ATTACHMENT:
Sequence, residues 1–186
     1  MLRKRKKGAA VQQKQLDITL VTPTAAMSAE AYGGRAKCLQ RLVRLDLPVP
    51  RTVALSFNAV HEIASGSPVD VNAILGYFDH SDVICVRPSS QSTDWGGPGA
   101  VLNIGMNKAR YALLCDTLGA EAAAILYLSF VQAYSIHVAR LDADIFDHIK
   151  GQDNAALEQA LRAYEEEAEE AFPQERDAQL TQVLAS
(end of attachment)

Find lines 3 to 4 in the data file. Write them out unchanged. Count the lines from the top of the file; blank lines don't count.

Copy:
    51  RTVALSFNAV HEIASGSPVD VNAILGYFDH SDVICVRPSS QSTDWGGPGA
   101  VLNIGMNKAR YALLCDTLGA EAAAILYLSF VQAYSIHVAR LDADIFDHIK